Officials of the Naval Sea Systems Command in Washington announced a $110.2 million contract modification Tuesday to the Raytheon Co. Integrated Defense Systems segment in Sudbury, Mass., for fiscal 2017 low-rate initial production long-lead material in support of the AMDR and AMDR-S shipboard radar systems, as well as the AMDR radar suite controller.
The Raytheon AMDR will replace the AN/SPY-1 radar that had been standard equipment on Navy Aegis Burke-class destroyers and Ticonderoga-class cruisers. Long-lead items involve system components that require the longest time to build, which could delay overall system production if money isn't allocated for production early in the process.
The Raytheon AN/SPY-6(V) AMDR will improve the Burke-class destroyer's ability to detect hostile aircraft and surface ships, as well as enemy ballistic missiles, Raytheon officials say.
The new radar will provide greater detection ranges, increased discrimination accuracy, higher reliability and sustainability, and lower costs compared to the AN/SPY-1D(V) radar onboard today’s Burke-class destroyers.
The system is built with individual building blocks called radar modular assemblies (RMAs), Raytheon officials say. Each RMA is a self-contained radar in a two-cubic-foot box; RMAs can stack together to form any size array to fit ship mission requirements.
The inherent scalability of the AN/SPY-6(V) AMDR also could allow for new instantiations, such as backfits on existing Burke-class destroyers and installation on aircraft carriers, amphibious warfare ships, frigates, the Littoral Combat Ship and Zumwalt-class land-attack destroyers without significant new radar development costs, Raytheon officials say.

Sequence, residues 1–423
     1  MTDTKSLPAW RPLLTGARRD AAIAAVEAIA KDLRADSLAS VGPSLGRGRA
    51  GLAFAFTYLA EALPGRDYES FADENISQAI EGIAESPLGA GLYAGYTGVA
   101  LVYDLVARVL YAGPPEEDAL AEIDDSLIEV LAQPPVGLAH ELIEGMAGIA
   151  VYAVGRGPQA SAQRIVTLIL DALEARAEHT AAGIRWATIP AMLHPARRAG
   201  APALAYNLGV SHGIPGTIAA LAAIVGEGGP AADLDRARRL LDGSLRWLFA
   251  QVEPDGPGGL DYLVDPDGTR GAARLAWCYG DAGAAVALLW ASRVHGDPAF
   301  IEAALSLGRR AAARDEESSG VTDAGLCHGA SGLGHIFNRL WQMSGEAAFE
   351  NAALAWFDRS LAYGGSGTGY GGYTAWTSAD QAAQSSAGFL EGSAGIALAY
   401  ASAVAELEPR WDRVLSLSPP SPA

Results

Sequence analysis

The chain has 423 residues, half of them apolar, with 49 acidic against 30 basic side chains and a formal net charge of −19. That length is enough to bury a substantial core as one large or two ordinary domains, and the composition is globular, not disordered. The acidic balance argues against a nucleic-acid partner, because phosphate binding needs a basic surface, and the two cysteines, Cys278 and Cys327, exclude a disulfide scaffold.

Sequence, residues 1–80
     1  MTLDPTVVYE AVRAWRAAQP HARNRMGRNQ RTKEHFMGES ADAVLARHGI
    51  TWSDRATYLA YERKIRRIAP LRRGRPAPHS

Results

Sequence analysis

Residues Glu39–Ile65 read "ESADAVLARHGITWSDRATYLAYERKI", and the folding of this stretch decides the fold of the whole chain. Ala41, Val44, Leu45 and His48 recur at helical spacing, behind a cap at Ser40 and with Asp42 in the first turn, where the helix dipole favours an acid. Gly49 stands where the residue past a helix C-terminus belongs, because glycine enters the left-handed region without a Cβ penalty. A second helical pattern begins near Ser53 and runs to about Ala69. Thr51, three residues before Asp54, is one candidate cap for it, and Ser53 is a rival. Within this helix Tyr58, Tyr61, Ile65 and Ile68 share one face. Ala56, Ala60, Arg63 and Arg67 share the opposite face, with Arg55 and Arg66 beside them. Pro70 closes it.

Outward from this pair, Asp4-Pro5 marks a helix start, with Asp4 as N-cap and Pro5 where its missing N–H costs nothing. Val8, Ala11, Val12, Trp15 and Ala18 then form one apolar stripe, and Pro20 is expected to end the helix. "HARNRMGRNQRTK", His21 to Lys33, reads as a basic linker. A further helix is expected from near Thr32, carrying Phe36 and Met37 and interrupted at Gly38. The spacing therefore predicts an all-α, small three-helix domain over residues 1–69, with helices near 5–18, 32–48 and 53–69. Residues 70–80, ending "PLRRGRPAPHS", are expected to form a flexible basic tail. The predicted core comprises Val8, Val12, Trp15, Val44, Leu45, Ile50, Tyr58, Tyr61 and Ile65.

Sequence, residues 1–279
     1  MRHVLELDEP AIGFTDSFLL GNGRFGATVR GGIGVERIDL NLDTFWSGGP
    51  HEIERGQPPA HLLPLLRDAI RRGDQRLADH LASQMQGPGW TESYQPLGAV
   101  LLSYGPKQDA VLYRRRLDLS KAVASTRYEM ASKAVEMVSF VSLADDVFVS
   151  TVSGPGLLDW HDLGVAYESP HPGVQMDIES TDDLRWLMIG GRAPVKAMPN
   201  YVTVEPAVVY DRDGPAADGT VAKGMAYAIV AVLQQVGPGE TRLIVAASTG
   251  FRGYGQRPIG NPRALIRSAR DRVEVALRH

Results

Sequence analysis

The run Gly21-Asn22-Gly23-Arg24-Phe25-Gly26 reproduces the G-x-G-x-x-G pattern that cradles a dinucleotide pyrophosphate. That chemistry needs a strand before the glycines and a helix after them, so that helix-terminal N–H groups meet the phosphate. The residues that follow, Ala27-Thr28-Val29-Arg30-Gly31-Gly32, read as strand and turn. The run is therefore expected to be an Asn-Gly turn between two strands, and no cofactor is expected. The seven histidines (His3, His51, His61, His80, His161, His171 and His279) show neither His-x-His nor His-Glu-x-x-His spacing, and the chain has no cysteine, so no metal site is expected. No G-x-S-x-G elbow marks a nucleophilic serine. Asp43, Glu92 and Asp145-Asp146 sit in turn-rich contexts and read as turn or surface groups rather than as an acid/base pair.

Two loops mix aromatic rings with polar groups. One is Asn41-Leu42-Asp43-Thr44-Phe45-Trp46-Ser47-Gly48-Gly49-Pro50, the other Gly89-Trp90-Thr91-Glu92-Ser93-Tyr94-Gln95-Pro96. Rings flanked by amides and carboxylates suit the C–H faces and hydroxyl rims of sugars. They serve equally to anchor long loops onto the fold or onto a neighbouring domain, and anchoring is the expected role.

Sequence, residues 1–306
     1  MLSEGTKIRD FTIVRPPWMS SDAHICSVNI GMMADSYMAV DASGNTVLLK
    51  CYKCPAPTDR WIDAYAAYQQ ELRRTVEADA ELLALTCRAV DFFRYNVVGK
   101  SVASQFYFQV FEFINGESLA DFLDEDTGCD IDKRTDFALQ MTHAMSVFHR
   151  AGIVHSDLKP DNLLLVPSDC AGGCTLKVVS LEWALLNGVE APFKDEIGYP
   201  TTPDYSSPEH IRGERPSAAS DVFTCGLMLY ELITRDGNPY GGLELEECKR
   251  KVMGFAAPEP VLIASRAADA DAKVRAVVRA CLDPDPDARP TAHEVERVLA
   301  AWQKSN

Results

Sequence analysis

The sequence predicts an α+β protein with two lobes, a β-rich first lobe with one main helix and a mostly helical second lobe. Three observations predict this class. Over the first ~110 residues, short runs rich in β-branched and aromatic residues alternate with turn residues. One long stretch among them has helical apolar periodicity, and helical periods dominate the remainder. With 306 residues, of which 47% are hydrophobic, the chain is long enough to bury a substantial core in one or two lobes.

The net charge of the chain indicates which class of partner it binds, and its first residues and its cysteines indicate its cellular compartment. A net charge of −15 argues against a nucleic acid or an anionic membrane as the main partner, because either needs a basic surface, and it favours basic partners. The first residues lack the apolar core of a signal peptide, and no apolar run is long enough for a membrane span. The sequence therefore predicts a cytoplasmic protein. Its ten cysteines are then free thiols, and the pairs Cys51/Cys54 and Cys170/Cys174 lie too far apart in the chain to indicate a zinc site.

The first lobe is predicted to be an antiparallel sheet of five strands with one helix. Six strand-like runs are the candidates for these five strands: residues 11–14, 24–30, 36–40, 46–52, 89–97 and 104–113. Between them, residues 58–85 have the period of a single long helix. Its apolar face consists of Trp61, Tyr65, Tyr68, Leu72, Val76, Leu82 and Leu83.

The Navy and its contractors are installing the AN/SPY-6(V) aboard the so-called Flight III latest versions of the Burke-class destroyers. None of these newest ships yet are completed or at sea. Navy officials have awarded contracts for three Flight III Burke destroyers to date. Two will be made by the General Dynamics Corp. Bath Iron Works segment in Bath, Me., and one will be made by Huntington Ingalls Inc. in Pascagoula, Miss.
The main goal of the Flight III Burke-class destroyer is to replace the ship's SPY-1D(V) radar with the AMDR, Navy officials say. Flight III ships are taking the place of the Navy's canceled next-generation cruiser (CGX) program. Flight III Burke-class destroyers will have larger radar antennas, while the AMDR radar will use digital beamforming, instead of the earlier passive electronically scanned array radars.
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The AN/SPY-6(V) AMDR will 30 times more sensitive than the AN/SPY-1D(V) in the Flight III configuration, and is being designed to counter large and complex raids, Raytheon officials say. The new radar will have adaptive digital beamforming and radar signal processing for dealing with high-clutter and jamming environments.
The AN/SPY-6(V) radar also is reprogrammable to adapt to new missions or emerging threats. It uses high-powered gallium nitride (GaN) semiconductors, distributed receiver exciters, adaptive digital beamforming, and Intel processors for digital signal processing.
The new radar will feature S-band radar coupled with X-band horizon-search radar, and a radar suite controller (RSC) to manage radar resources and integrate with the ship’s combat management system.
For the Flight III Burke-class destroyer's SPY-6(V) AMDR will feature 37 RMAs. The new radar will be able to see targets half the size at twice the distance of today’s SPY-1 radar. The AMDR will have four array faces to provide full-time, 360-degree situational awareness. Each 14-by-14-foot face is about the same size as today’s SPY-1D(V) radar.
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